Until about a decade ago, someone like Yaakov would have been considered a disgrace to his family. He would have been ostracized, and any contact with him would have been kept hidden. His family might even have sat shivah for him.
A member of the “Lithuanian” community, as Israel’s non-Hasidic, Ashkenazi ultra-Orthodox community is known, Yaakov attended the right schools and studied at prestigious yeshivas until his mid-20s. But then he decided to leave Orthodoxy and tell his parents immediately.
“When I told them, there were no threats or arguments,” said Yaakov, who is now 30. “For many years I continued to live at home. Obviously my parents asked that I respect them, so I don’t desecrate Shabbat when I’m with them.”
Not only did his family accept him, but so did the surrounding society. “My little sisters married boys from good, standard ultra-Orthodox families,” he said. “This didn’t hurt them.”
Yaakov represents a growing trend in ultra-Orthodox society in recent years. Not only has the number of both men and women abandoning Orthodoxy grown, but their families have started accepting them and staying in contact with them. This is true even in sects considered extremist.
Benny, 25, comes from a Ger Hasidic family. He abandoned Orthodoxy five years ago but didn’t lose contact with his loved ones. Nor is this unusual in his community, he said.
“There’s this stigma that those who leave are severed from their families, but a decisive majority among those I know remain in good contact with their families,” he said. “A small proportion have partial contact, and only a small minority are cut off.”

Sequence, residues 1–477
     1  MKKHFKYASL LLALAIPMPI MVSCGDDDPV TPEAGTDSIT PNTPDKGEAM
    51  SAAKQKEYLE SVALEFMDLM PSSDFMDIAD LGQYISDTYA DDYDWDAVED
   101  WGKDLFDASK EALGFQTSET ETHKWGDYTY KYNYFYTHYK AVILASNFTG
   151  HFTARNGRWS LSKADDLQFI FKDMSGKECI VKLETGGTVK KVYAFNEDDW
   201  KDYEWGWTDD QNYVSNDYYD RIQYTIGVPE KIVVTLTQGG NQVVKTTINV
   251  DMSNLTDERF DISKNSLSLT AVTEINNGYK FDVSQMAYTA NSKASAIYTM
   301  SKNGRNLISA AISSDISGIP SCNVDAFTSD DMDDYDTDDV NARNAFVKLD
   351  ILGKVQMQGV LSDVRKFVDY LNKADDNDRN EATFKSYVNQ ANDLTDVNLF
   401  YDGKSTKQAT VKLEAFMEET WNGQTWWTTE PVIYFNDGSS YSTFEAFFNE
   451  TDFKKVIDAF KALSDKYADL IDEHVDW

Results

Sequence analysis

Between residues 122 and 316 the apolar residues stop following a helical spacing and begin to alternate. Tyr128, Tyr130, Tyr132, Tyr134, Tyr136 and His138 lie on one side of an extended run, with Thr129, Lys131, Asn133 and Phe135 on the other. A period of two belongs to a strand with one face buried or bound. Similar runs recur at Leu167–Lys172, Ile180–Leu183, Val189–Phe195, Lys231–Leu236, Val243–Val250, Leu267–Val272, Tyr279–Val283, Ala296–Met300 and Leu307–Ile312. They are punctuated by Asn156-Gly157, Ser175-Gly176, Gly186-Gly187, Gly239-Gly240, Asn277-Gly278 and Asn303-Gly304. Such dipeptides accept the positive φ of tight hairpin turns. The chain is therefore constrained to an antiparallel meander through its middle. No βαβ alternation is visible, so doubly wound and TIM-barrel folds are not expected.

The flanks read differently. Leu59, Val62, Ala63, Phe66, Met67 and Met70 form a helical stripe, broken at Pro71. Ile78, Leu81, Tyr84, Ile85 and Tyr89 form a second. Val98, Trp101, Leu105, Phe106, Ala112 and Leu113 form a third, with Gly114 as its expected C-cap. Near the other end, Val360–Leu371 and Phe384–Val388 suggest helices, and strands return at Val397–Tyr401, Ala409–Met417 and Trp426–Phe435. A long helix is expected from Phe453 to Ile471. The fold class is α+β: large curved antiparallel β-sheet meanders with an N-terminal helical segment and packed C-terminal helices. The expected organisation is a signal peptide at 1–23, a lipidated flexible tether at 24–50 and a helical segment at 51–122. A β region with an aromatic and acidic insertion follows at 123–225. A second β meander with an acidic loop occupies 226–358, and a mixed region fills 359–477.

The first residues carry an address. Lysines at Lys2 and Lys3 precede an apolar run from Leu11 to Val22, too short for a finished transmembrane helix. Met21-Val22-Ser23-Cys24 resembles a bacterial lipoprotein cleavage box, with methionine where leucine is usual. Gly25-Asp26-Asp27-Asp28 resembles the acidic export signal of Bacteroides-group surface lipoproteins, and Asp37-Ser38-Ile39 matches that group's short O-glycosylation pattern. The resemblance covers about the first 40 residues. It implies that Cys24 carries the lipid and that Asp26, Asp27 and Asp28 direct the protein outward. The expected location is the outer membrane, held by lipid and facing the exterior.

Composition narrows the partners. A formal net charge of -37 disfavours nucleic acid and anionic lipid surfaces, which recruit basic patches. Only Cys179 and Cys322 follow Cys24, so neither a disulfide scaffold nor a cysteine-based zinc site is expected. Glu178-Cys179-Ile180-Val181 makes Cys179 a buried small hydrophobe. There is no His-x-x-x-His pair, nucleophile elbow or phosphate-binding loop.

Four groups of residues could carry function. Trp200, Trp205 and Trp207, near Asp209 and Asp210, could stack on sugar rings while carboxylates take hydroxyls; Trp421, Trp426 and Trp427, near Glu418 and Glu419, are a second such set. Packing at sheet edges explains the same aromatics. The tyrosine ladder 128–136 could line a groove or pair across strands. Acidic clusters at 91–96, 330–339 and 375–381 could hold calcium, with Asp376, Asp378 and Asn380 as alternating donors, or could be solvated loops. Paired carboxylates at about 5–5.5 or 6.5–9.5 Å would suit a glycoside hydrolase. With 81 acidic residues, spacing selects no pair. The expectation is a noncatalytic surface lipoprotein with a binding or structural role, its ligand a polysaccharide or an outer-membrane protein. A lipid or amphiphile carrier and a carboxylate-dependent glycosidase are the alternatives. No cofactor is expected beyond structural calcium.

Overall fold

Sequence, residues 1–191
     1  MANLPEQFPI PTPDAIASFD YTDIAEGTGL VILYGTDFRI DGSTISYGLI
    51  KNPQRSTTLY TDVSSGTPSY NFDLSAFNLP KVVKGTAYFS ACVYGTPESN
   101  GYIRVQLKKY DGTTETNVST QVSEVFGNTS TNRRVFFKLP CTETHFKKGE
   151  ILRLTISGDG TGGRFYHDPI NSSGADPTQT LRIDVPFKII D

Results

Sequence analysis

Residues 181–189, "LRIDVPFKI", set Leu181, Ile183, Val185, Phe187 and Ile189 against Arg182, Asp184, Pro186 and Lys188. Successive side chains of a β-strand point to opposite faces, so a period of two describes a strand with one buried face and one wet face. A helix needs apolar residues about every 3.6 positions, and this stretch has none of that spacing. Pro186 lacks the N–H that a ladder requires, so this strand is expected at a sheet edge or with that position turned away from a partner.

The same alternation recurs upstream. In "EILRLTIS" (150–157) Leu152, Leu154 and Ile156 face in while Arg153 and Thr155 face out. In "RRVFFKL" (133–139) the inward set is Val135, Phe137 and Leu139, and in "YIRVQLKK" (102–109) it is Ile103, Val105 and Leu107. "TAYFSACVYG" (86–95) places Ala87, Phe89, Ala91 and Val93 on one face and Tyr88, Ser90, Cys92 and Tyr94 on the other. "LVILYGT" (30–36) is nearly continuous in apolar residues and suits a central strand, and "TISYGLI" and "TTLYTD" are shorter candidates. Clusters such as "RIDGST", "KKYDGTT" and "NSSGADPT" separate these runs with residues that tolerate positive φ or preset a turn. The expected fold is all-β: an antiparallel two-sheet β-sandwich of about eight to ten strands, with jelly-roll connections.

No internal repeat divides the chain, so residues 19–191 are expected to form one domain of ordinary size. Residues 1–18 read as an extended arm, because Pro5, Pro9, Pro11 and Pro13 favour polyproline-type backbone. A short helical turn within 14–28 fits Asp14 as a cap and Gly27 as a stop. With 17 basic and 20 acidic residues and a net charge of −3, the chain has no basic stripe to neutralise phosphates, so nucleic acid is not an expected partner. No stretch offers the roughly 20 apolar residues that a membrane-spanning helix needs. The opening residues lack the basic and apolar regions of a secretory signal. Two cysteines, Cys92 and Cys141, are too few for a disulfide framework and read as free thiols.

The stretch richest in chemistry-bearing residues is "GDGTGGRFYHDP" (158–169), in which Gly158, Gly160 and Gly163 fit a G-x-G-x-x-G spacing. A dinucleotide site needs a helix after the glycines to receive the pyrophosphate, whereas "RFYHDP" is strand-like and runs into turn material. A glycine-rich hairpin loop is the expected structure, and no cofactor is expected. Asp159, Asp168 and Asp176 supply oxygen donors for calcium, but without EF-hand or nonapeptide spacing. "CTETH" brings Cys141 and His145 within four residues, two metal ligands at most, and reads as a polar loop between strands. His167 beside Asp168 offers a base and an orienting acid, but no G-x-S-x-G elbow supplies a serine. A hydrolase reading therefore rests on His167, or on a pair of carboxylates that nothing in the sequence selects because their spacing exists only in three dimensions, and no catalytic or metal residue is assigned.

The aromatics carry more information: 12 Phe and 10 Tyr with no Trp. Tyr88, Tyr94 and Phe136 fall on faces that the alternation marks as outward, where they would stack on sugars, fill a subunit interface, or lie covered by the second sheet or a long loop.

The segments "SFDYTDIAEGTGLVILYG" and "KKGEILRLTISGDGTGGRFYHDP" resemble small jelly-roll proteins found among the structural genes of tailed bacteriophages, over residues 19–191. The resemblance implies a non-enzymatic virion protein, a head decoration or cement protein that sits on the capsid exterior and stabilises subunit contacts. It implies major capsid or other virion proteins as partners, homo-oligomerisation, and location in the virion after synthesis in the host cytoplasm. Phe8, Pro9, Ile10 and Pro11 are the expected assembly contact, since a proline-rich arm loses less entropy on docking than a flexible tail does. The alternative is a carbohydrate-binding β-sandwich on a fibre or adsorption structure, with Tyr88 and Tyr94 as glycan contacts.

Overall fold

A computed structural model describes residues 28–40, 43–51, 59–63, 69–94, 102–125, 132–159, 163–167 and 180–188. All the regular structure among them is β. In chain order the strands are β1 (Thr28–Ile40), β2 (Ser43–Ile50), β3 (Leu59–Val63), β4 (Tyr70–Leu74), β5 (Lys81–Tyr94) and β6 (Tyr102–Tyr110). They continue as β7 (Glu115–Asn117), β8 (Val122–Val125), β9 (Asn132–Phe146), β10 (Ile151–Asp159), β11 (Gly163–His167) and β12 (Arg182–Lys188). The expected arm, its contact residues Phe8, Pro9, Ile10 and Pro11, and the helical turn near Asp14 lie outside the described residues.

Benny knows he’s lucky. It’s enough for him to see his cousin, who underwent the same process in the late 2000s and was completely severed from his family, to understand the magnitude of the change in ultra-Orthodox society. “Today things are different,” he said.
The change goes well beyond attitudes toward people who abandon Orthodoxy. There is also greater openness on other issues, from getting a secular education to women’s issues to enlisting in the army.
“In the past, ultra-Orthodox society was in the process of building and protecting itself, so each little thing was significant,” said Chaim Walder, a prominent ultra-Orthodox educator who heads the Child and Family Center.
“Even a child with Down syndrome could cause problems in arranging marriages. Today attitudes have changed. People are less afraid that such things will hurt them. The work done by many educators, along with public diplomacy within the community, created a situation in which today an ultra-Orthodox person is ashamed to be estranged from his child.”
'Always leave the door open'
Rabbi Gershon Edelstein, who became the leader of the Lithuanian community after the death of Rabbi Aharon Leib Shteinman, recently provided strong evidence for Walder’s claim when he said publicly that a child who doesn’t observe the religious commandments must be accepted with love.
“You must treat a child who went astray respectfully and affectionately,” he told activists who asked him about the issue. They must also show understanding if a boy brings a girl home, he said, and if the boy requests it, they should buy him “secular clothes.”
“Even if he desecrates Shabbat at home, there’s no other way but through respect and affection,” Edelstein added. “You have to explain to parents who find it hard to accept the child that this is the only way.”
His remarks sparked a lively discussion in ultra-Orthodox society. “I showed my mother a video of the rabbi,” Yaakov said. “It freed her of her discomfort.”
A book by Rabbi Elimelech Lamdan shows how different things used to be. Three of his 10 children left Orthodoxy, the first more than 20 years ago. When he and his wife asked their rabbi what to do, the rabbi told them, “Always leave the door open. Each child is a world unto himself and you have to accept him as he is.” They followed that advice.
But in those days, that approach was unusual, and the family’s neighbors in Netivot near Gaza were disapproving.
“My friends would cross the street to avoid meeting me,” his wife recalled. And when marriages were discussed, “they said we weren’t a normal family.”